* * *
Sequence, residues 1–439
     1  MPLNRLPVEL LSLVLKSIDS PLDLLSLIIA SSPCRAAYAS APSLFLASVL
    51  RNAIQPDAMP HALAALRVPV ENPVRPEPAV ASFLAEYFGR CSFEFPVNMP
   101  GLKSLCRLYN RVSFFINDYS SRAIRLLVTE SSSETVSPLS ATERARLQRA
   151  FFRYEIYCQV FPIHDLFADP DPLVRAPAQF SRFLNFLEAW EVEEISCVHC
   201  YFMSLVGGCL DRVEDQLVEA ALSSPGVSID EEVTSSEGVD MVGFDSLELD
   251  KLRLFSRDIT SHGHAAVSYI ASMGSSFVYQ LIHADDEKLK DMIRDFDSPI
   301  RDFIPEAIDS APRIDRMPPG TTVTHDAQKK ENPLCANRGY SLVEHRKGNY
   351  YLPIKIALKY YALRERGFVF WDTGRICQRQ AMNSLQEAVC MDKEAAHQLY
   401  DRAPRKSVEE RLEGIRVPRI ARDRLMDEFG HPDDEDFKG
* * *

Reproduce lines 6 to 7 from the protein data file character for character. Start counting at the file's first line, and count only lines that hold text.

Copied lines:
   201  YFMSLVGGCL DRVEDQLVEA ALSSPGVSID EEVTSSEGVD MVGFDSLELD
   251  KLRLFSRDIT SHGHAAVSYI ASMGSSFVYQ LIHADDEKLK DMIRDFDSPI